I saw Lucky Number Slevin a month or two ago thanks to a friend giving me free tickets.
It ended up costing me a night of productivity
It was a gangster noir fairy tale where everyone is bad but to varying degrees. Even the guys you think are good are mired in past mistakes.
The Plot: Josh Hartnet is Slevin is an unlucky man who gets mistaken for a friend whose apatment he is currently staying in. Two opposing gangsters at war with each other live in opposing apartments which they never leave out of fear of the other. They both recruit Slevin to off the other, while being manipulated by an enigmatic assassin named Mr. Goodkat.
At least that is what you think is the plot. Midway through act 2 the bottom falls out and the story careens in a different directions and then slams you to the big surprise and everybody who is anybody in the story dies.
This story seems to happen in that private little world adjacent to the Tarantino universe where everyone who is anyone is super cool, speaks in pop culture smart ass and violence rains down on the wicked, which in a movie where everyone is a bad guy means everyone buys it at the end.
It brought to mind the movie Payback staring Mel Gibson, a movie I liked enough to bootleg the DVD, but not enough to outright buy for more than 5 bucks. The movie, which also stars Luci Liu as a mobbed up dominatrix, (a 180 from her role in Slevin,) features a down and out thug who works to tear down a crime organization.
There is a mood conveyed in the lighting and polish of Payback that I see in Slevin. The walls of the apartment Slevin and Lindsey (Luci Liu) live in are art deco cool. The two apartments of the controlling gangsters are posh high rises with stairs and a classy sense of space. This is important in a movie where a plot point is their inability to leave the building. The set designs are great, all the wallpapers and backgrounds are cool and stand out just enough for you to notice.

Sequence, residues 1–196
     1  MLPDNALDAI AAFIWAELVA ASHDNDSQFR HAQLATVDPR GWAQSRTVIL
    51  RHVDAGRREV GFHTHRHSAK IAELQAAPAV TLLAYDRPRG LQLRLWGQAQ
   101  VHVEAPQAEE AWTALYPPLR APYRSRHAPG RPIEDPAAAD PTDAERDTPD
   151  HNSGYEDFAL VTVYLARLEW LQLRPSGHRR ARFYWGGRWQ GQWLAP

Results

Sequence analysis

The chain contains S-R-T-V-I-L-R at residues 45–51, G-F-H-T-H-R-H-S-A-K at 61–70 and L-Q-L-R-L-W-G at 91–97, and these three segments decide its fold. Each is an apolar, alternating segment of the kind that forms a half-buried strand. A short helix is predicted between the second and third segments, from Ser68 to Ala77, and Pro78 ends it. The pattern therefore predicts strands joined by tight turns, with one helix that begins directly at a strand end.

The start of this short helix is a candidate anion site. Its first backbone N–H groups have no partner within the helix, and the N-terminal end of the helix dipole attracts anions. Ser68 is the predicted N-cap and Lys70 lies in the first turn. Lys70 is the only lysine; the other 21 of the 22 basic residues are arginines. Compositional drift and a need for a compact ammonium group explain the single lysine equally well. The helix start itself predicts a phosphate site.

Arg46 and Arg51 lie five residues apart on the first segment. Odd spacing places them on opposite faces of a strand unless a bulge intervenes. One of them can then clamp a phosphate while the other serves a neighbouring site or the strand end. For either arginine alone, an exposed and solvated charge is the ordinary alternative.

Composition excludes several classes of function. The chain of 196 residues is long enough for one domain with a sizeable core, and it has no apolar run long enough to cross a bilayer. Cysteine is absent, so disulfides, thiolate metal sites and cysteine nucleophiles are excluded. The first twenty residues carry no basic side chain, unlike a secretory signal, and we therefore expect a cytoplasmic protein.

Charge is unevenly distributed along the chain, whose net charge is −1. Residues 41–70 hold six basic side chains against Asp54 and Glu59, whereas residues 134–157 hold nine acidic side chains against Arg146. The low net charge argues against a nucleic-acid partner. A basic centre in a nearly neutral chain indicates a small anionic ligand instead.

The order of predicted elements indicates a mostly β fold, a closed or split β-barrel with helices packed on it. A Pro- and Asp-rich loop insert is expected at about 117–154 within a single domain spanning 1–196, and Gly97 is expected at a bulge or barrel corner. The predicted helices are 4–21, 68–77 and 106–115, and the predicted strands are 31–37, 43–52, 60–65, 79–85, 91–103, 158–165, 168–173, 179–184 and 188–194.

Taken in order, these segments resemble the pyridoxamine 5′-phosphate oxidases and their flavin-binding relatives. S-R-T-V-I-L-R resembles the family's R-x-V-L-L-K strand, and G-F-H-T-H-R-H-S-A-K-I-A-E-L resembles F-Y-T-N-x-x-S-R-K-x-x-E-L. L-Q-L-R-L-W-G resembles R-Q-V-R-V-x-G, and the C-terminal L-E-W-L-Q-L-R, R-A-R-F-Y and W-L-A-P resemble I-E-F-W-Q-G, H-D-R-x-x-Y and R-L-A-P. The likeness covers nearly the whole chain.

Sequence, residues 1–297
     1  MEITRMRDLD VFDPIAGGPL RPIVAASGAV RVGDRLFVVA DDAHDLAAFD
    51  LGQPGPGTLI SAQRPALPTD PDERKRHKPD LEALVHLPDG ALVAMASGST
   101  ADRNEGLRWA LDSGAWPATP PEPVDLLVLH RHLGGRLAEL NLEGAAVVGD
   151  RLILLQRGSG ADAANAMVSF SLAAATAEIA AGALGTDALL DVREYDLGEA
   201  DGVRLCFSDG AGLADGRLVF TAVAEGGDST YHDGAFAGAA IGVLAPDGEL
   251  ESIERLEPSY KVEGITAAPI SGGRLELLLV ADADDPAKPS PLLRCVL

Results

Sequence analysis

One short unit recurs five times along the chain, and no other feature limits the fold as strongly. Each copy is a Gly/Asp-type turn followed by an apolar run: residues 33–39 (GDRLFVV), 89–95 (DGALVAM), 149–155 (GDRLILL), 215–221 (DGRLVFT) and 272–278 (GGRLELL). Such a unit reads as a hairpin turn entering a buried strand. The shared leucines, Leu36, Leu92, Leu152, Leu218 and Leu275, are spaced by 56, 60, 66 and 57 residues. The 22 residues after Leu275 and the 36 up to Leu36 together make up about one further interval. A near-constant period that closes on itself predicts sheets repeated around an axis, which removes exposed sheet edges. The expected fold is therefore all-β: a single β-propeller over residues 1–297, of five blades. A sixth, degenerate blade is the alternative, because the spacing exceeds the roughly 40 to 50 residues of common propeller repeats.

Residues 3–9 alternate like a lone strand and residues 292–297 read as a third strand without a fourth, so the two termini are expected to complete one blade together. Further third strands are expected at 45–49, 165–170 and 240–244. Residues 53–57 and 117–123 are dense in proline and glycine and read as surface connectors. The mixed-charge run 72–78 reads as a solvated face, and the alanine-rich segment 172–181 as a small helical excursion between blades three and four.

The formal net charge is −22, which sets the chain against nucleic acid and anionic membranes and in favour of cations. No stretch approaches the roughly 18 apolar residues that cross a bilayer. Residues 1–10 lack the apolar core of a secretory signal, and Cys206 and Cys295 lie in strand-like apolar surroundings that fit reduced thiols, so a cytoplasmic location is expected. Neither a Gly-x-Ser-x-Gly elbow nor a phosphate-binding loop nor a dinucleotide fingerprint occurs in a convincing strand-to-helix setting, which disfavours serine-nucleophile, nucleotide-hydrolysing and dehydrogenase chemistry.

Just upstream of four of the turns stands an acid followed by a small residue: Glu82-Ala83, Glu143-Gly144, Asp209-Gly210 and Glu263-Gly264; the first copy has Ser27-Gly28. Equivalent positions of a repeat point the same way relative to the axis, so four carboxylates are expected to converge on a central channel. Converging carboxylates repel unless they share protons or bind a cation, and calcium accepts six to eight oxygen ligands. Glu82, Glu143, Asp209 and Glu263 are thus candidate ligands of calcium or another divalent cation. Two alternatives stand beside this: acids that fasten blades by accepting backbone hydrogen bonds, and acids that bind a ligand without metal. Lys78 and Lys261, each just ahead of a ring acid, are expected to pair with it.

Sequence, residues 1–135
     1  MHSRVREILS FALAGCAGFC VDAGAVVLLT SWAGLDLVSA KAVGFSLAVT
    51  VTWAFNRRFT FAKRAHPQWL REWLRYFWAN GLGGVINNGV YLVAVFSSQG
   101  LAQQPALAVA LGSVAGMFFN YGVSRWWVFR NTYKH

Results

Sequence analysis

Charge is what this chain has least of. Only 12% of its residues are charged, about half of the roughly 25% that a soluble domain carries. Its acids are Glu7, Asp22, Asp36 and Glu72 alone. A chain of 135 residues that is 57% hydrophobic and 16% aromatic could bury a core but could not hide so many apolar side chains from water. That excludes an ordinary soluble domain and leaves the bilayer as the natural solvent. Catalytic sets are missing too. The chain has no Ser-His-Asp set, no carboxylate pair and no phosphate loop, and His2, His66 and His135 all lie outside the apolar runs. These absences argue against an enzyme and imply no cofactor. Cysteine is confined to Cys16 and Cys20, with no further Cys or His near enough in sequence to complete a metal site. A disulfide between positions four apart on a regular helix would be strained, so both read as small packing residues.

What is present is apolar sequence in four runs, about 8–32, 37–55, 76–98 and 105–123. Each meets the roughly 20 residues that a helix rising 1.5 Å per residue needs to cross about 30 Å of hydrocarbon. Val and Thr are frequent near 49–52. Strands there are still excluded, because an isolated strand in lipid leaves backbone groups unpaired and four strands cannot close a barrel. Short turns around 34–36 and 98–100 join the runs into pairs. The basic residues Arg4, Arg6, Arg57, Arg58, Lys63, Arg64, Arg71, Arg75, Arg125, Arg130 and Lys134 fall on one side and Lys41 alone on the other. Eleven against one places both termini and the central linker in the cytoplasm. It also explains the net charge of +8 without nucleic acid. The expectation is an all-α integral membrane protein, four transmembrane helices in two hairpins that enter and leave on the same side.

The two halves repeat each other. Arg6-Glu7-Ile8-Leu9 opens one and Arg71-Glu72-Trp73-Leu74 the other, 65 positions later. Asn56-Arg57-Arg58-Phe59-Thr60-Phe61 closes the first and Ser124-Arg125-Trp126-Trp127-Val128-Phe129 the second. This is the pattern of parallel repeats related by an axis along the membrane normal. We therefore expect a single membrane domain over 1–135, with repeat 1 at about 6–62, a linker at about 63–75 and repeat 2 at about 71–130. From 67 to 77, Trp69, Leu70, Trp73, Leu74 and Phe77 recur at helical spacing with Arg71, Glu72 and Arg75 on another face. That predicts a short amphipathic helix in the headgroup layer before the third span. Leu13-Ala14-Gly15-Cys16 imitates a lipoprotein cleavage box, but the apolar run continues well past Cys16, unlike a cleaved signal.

Morgan Freeman is the boss of the black mob, and plays a little looser than he often gets the chance to be. It is the silver tongued Morgan Freeman who is quick to smile and yet be dangerous like his role in street smart, as opposed to quiet wisdom Morgan Freeman in his soulful best friend roles. (see Shawshank, Forgiven, Million Dollar Baby, Batman Begins).
“Sir” Ben Kingsley plays the Rabbi, the opposing boss, as a smart yet brutal man of God who plays it like a shark. (Nicole loved him.) Stanley Tucci also shows up in the movie as a somewhat smaller role as a tough detective. He meets a dark end for old mistakes and one is left to wonder if he had spent any time trying to redeem himself in the interim years. (You won’t know what I am talking about until you see it.) Hartnet holds his own in the movie, playing Slevin as a smart ass everyman in a world of crooks. He doesn’t play too smart or too dumb until he needs to be anything.
Luci Liu plays cutesy little Asian neighbor that is also Hartnet’s love interest. It is a relationship built on Liu’s quirky cuteness that is a little less presence than the roles she has attempted of before. It is hard to talk about a lot of the story without revealing the double crosses. The movie is neo noir, with the concepts of alienation and human brutality at the forefront. Slevin gets punched in the gut every five minutes or thrown out of cars. The bad guys hold a mysterious power over his life until he turns the tables to fight back. Slevin as always turns out to be the smart little man in a big machine. People get shot and one or two things get blown up. It was an enjoyable time but pay attention until the end or you will miss all the turns in the plot.